Negron and Corcoran take budget talks into their own hands
Midway through the day on Tuesday, a framework of a budget deal appeared to be emerging as House Speaker Richard Corcoran and Senate President Joe Negron leapfrogged past their budget chairs and spent much of the morning negotiating a break in the deadlock.
"I'm very encouraged,'' said Sen. Bill Galvano, R-Bradenton, at midday. "The process has continued and so there's continuing offers between the chambers and we'll take it from there."
It became clear that the negotiations were going beyond the detail of the budget allocations and instead reached into trades on major policy bills that have divided the chambers on education, environmental protection, health care and state employees.
The Senate used its Appropriations Committee Tuesday to quickly advance education reforms sought by the House as part of the budget negotiations. With eight minutes left, the Senate passed two large amendments to education bills and took no testimony.
"These issues have been discussed around here and we're just putting them in the conference posture,'' said Senate Appropriations Chair Jack Latvala, R-Clearwater, after the meeting.
However, Senate education committees have largely discussed only in general concepts how to help students in perpetually failing schools.
The chamber's response to a proposal the House has dubbed "schools of hope" was unveiled only a week ago. That specific policy language got less than an hour's worth of discussion at that previous hearing; Tuesday was the Senate's opportunity to continue that discussion. By comparison, the House spent more than eight hours specifically vetting its "schools of hope" bill before it passed the floor earlier this month.
When a member of the public addressed the Senate Appropriations Committee, noting that one of the amendments would allow non-certified teachers to be teaching at Florida schools, Latvala reminded her there was one minute left before the committee had to adjourn.
Latvala said he hasn't agreed to accept the House's reforms to pensions and state employee health benefits in exchange for the pay raise but he didn't deny that a potential trade is on the table.
"I haven't agreed to anything like that. The bill was heard in committee yesterday. It will be heard again in committee before any trade is made."
He denied they are close to allocations. "I've been sitting in that meeting for four hours. I have no idea what's going on and I've got nothing more to say right now,'' he said.
Galvano said the Senate is not ready to trade gaming policy for budget consensus.
"At this point they are only being put into the conference process,'' he said, adding that he was "not privy to the latest details. We still need to have the membership vote on these things."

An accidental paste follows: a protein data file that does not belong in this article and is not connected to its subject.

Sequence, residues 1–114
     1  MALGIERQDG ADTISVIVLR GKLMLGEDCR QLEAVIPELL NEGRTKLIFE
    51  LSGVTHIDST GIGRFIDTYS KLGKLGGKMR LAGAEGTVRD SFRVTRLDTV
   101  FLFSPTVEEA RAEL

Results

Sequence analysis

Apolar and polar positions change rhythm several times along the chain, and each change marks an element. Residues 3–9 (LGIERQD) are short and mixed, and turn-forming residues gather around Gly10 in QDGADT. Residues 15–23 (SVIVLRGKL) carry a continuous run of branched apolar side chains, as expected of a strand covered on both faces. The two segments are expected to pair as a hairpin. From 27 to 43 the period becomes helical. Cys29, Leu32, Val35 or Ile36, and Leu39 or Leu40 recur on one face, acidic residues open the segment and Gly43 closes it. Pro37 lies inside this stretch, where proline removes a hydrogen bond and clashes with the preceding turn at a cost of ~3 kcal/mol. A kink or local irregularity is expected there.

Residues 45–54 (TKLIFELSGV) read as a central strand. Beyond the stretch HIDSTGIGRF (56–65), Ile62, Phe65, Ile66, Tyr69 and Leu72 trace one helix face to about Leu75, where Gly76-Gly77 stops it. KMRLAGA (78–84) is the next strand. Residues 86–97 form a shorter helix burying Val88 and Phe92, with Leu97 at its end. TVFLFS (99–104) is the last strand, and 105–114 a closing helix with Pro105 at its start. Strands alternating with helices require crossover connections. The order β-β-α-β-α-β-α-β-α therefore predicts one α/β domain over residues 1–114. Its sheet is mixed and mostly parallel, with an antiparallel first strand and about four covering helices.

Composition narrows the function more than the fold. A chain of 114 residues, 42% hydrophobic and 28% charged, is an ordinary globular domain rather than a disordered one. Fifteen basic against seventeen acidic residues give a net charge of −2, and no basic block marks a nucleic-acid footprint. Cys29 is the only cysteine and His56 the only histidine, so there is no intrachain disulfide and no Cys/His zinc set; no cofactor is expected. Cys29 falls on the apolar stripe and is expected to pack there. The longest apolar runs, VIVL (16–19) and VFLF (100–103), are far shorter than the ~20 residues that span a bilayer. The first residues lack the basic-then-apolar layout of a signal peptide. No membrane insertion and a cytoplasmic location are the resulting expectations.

He said that relying on a gambling deal for reserves for future years is not part of the deal at this point.
"You can't do that because we have to have at least some affirmation from the Seminole Tribe that these funds are available,'' he said. "Right now, it's just at the allocation stage and you can't allocate dollars you don't have."
"We will have other meetings in this committee,'' Latvala said, apologizing that they didn't get through some of the bills and cut short much of the debate.
For the Senate, major elements of an agreement include a major new Lake Okeechobee reservoir, more money for the state's major universities and an across-the-board pay raise for state workers.
The House's must-haves include $200 million for an expansion of charter schools, no increase in property taxes for public schools and a statewide referendum in 2018 to let voters increase the Florida homestead exemption from $50,000 to $75,000.
The fate of Visit Florida and Enterprise Florida also remains a key issue. Corcoran has insisted on a major cut to Visit Florida's budget to $25 million and a major cut to Enterprise Florida's budget.
Negotiations intensified while Gov. Rick Scott was in the second day of a four-day Enterprise Florida trade mission to Argentina. But as the negotiations over major policy appeared to move underground, advocates also expressed their frustration.
"If the House had wanted to promote policy changes that said we will not fund much without non-recurring revenue, we should have reviewed it, had public input,'' said Karen Woodall, lobbyist for the left-leaning Florida Center for Fiscal and Economic Policy. "Instead, the House is using the budget as a tool to for the Senate's hand on philosophical policy differences."
Staff writers Steve Bousquet and Kristen Clark contributed to this report.